At the time I’m am writing this, it is just past one-year post injury. Today, I don’t use a wheelchair. Frankly I don’t even use a walker. I walk within my braces alone. My goals include finishing my education at San Diego State University. I’m living on campus and have resumed my classes in spring semester of 2019; however, this has become significantly more difficult for me. My retention of information has become more volatile than it was prior to my brain injury. As such, I have to study, by reviewing lecture notes and course materials, considerably more than I did before injury. Additionally, getting around to my classes is a straining endeavor due to the fact walking to class takes a lot of energy. Also, I find myself financially impaired because I am only working eight hours a week as a consequence of the stamina required. I’m taking fewer classes per semester; therefore, it is likely I will be in school longer than planned. As such, my limited savings won’t take me through my new required timeline. Regardless, I am determined to pursue the goals that I had prior to injury even with the added challenges.
On the plus side, the year of rehabilitation helped me find my resolve and become comfortable enduring the struggles I face today. I received acute care at Craig Hospital in Colorado for two and half months, then transitional inpatient care at Casa Colina in Pomona for six weeks, and then returned home to live with my parents in Carlsbad and entered the Brain Injury Day Program at Scripps Encinitas. After six weeks there, my therapy days were reduced a little at a time as I slowly met my goals. All of the challenges I faced in rehabilitation improved my dedication, such that I now have a greater ability to work through difficulties than I was able to prior to my injury. While I think accomplishing my goals will be more difficult than before my accident, I think the ceiling of my desire has only increased. I’m far more motivated to get past struggles because I’ve seen my ability to get over them during the early days of my injury. If an obstacle is in my path I say “bring it on” because I have seen the strength in my character to overcome adversity. For example, at a SDBIF Care Conference at Scripps Encinitas in August, the presenter talked about how assistive devices are useful when getting through an injury but shouldn’t become a dependency. I walked into that conference using my cane and I walked out of the conference holding it horizontally and haven’t used it since. I am thankful to all of my therapists for showing me the power I have in my determination to get things done.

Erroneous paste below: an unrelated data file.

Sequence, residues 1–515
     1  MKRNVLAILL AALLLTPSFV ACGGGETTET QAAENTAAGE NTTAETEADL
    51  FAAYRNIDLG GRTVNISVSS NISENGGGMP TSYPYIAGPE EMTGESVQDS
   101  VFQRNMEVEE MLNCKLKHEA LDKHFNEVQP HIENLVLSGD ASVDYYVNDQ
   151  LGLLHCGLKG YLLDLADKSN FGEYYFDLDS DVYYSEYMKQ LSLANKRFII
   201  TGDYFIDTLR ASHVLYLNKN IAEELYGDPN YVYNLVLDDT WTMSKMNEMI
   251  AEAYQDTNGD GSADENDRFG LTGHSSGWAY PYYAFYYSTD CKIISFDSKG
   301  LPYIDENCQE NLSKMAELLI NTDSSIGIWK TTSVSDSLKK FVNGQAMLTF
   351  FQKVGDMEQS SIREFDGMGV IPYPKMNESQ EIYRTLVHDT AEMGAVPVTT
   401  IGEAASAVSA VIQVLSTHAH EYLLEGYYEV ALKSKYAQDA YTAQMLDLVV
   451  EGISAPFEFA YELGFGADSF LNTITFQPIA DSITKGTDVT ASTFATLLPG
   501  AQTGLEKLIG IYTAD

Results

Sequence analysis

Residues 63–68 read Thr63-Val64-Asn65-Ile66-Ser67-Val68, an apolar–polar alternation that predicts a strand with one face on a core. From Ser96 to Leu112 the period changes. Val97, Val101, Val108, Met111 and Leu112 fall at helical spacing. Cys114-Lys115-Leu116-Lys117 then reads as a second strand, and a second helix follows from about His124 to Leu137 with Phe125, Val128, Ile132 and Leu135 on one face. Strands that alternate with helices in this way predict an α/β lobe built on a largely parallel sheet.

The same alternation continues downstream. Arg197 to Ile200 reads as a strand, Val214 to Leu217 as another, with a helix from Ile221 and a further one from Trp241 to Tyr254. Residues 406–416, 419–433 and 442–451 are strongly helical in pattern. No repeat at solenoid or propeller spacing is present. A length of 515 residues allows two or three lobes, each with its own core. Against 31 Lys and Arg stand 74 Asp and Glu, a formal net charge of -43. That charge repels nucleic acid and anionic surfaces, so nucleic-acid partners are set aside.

I’m now at a stage in my life that is primarily about refinement. This is similar to how college was for me during freshman year. I didn’t perform well my freshman year, but I did learn a lot. Similarly, now I’m in a position where I’m finding college to be causing me a lot of difficulty due to my injury and the habits I developed in my recovery; however, I’m expecting to tackle my reintegration to school with determination, knowing that I’ve conquered hurdles like these in both the stages of my recovery as well as between my freshman and sophomore year before.